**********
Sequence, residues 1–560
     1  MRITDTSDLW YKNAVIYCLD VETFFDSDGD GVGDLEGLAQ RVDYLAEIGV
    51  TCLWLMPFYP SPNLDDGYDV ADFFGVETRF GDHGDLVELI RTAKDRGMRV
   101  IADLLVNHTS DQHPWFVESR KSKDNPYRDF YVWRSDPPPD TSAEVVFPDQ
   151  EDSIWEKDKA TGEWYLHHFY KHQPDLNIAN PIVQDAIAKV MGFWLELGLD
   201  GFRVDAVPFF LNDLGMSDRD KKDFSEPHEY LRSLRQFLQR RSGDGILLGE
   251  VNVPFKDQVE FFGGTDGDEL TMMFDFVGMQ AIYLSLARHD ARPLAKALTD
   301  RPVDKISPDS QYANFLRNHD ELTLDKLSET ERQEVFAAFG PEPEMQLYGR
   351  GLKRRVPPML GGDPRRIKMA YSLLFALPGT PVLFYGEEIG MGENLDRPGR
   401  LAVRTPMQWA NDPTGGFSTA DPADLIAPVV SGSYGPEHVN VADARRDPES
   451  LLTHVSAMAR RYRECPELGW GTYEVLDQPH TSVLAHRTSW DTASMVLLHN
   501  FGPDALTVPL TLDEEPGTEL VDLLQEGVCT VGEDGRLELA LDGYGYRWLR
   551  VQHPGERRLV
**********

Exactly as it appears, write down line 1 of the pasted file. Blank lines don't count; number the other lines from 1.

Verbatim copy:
Sequence, residues 1–560